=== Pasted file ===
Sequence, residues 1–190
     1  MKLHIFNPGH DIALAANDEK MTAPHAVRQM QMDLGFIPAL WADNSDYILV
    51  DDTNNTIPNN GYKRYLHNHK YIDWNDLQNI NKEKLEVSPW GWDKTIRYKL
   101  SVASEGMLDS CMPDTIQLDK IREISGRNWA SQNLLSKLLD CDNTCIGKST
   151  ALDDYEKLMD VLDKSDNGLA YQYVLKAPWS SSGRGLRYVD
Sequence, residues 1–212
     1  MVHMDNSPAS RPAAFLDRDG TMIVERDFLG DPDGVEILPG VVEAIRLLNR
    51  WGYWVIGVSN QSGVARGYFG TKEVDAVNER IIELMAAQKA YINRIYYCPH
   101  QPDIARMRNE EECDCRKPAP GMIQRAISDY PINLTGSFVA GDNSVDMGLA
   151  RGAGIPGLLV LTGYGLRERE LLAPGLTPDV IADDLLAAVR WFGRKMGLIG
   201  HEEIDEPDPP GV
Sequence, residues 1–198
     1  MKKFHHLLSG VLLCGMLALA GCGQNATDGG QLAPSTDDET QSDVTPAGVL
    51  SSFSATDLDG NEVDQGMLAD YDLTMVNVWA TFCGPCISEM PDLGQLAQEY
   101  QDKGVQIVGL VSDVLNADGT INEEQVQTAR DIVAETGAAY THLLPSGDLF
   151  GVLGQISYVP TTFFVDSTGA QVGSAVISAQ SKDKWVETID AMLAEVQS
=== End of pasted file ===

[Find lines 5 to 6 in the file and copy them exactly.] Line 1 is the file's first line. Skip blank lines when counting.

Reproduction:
   151  ALDDYEKLMD VLDKSDNGLA YQYVLKAPWS SSGRGLRYVD
Sequence, residues 1–212